'Castle Doctrine' passes muster in House
April 12, 2011By Scott Detrow
Once again, a measure expanding the right to deadly self-defense and eliminating a threatened person's "duty to retreat" before defending himself has passed the state House by an overwhelming margin. The chamber approved the "Castle Doctrine" bill on a 164-37 vote, after a lengthy and at times bizarre debate.
Democrats spent much of their floor time questioning Republican sponsor Scott Perry on hypothetical situations the bill would and wouldn't cover. Noting the private property people can protect with deadly force includes motorized vehicles, Democrat Mike Gerber asked whether that would extend to motorcycles. "It's a vehicle that moves people, it's got a motor," he reasoned. After Perry said Gerber's assumption was correct, the Democrat continued, "Now it says, whether or not motorized. Would it also apply to a bicycle?"
"It does," Perry replied. "However, solely relying on the definition isn't enough, because the law also requires forcible entry. And it's hard to establish how one forcibly enters a bicycle."
Democrat Steve Santarsiero grilled Perry on whether people could shoot anyone who enters their home, asking, "the person against whom the force is going to be used has to both unlawfully and forcefully enter into a dwelling or residence, is that correct?"
Yes, said Perry. "We're trying to protect the individual who might be coming over to borrow a cup of sugar or an egg or something like that from being randomly shot by his or her neighbor, obviously," he said.
The hypotheticals reached their peak with this question from Democrat Margo Davidson: "If the gentleman from Butler County [Daryl Metcalfe] stood yelling, knowing that he's a gun-toter, and I felt threatened, would I be protected under court law if I blew his brains out?"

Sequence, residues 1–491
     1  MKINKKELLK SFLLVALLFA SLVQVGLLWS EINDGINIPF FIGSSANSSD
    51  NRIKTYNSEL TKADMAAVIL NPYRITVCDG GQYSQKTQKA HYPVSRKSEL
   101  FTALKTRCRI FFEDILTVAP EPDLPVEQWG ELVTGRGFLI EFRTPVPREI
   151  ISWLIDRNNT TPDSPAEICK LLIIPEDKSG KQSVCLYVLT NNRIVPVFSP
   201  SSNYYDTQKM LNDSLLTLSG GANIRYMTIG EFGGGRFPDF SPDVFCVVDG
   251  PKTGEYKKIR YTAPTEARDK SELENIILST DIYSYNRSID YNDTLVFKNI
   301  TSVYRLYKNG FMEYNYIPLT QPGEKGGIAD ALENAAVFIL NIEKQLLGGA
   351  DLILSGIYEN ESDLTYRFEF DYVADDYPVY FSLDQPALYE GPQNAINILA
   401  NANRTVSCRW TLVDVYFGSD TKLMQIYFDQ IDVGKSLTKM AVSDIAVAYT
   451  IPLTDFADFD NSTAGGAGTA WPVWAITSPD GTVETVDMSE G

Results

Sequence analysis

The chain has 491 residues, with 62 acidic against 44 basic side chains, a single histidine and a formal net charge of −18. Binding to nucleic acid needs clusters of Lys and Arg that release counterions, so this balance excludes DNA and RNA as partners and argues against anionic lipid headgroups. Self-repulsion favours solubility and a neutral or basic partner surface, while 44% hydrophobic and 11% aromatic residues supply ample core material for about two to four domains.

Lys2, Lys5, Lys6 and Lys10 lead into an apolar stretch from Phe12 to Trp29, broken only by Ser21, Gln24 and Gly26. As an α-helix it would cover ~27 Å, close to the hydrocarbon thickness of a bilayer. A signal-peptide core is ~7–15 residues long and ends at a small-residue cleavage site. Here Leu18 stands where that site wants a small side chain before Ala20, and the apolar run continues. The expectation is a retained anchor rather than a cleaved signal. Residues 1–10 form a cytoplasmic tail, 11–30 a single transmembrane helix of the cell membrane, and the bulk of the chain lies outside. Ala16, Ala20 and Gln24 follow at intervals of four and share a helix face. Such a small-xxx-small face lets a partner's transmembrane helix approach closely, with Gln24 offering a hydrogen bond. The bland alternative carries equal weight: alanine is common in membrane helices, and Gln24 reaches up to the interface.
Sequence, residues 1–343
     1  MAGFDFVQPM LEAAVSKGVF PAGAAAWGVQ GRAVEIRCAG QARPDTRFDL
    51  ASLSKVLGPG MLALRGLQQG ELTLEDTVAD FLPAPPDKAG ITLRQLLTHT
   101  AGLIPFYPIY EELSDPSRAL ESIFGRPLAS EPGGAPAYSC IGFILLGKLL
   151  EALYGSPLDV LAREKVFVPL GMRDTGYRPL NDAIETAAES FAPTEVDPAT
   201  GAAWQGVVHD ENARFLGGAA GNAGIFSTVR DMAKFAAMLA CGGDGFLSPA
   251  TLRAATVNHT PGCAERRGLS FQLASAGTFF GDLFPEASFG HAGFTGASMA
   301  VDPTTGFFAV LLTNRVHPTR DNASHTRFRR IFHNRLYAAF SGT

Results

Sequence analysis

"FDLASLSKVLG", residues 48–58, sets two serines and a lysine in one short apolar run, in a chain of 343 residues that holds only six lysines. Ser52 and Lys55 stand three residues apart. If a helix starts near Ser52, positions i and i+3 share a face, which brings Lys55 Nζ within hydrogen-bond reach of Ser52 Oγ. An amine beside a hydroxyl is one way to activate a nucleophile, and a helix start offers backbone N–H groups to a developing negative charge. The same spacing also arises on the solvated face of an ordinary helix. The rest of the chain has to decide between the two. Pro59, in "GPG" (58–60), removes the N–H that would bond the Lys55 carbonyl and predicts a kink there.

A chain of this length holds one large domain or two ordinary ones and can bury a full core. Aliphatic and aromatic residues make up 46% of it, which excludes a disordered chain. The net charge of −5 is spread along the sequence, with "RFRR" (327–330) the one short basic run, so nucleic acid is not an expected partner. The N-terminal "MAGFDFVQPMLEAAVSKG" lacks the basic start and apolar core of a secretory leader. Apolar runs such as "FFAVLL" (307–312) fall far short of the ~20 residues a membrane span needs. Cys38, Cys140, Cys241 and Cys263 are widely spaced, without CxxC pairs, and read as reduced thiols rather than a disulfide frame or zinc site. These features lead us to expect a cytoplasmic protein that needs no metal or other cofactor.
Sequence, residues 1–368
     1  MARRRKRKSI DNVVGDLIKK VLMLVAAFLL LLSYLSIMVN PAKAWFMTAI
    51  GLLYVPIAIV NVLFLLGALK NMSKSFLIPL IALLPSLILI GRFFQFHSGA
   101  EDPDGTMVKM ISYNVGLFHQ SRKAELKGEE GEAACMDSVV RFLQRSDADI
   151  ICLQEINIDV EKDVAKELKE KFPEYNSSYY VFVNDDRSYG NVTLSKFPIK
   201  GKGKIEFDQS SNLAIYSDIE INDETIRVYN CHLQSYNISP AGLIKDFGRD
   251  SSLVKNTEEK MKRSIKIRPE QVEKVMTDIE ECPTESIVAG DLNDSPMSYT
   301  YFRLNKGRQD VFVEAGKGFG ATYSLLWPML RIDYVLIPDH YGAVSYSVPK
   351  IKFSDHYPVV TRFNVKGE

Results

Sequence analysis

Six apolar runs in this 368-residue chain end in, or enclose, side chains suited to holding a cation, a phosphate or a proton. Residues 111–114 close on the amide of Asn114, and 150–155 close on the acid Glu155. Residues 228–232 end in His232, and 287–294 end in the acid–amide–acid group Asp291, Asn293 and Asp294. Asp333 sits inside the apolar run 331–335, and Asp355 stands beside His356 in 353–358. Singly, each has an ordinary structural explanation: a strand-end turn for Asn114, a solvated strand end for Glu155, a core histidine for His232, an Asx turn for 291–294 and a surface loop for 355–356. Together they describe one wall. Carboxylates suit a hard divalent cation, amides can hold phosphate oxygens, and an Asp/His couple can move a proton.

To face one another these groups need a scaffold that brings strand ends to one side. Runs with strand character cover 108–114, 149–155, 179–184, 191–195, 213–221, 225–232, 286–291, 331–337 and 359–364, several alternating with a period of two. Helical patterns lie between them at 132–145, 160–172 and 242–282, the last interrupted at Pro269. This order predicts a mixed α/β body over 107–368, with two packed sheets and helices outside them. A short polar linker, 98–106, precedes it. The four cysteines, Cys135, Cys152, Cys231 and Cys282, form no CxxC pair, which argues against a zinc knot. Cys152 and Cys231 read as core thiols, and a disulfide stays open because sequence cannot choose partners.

Speaker Sam Smith immediately chastised Davidson and struck her comment from the House record.
This incarnation of House Bill 40 is different from last year's in a few key ways. The Pennsylvania District Attorneys Association opposed the vetoed measure last year, calling it a "defense attorney's dream." The group's president, Ed Marsico, was worried the bill would make it easier for murder suspects to gain acquittals through self-defense arguments.
The PDAA worked alongside Republican leaders to add new language to the new bill: now defendants need to legally own the guns they use to protect themselves, and need to visually spot a weapon on the aggressor before shooting.
"The amendments make the bill much better – a little bit tighter – in that respect," said Marsico. "We're still concerned. I'm sure we'll still see claims that individuals were acting in self-defense, claiming they did not have a duty to retreat, once this bill passes. But we hope to have limited them as much as possible."
While House Bill 40 is different from last year's legislation, it's identical to the bill the Senate passed earlier this year. The House could have sent legislation to Gov. Tom Corbett's desk by approving Senate Bill 273. Now, at least one more vote will need to take place.
Chalk that up to turf battles. "It's known across Pennsylvania as House Bill 40. It's not known as some Senate bill," said Perry, pointing to last year's legislative battle, and later referring to the twin measure as "some Senate bill that somebody put their name on." (That "somebody" is Republican Richard Alloway.)
"With all due respect to the Senate and to Senator Alloway, we appreciate the support but there's a lot of people that have a lot of vested interest and time over years," said Perry.
It's unclear when the Senate will act on Perry's measure.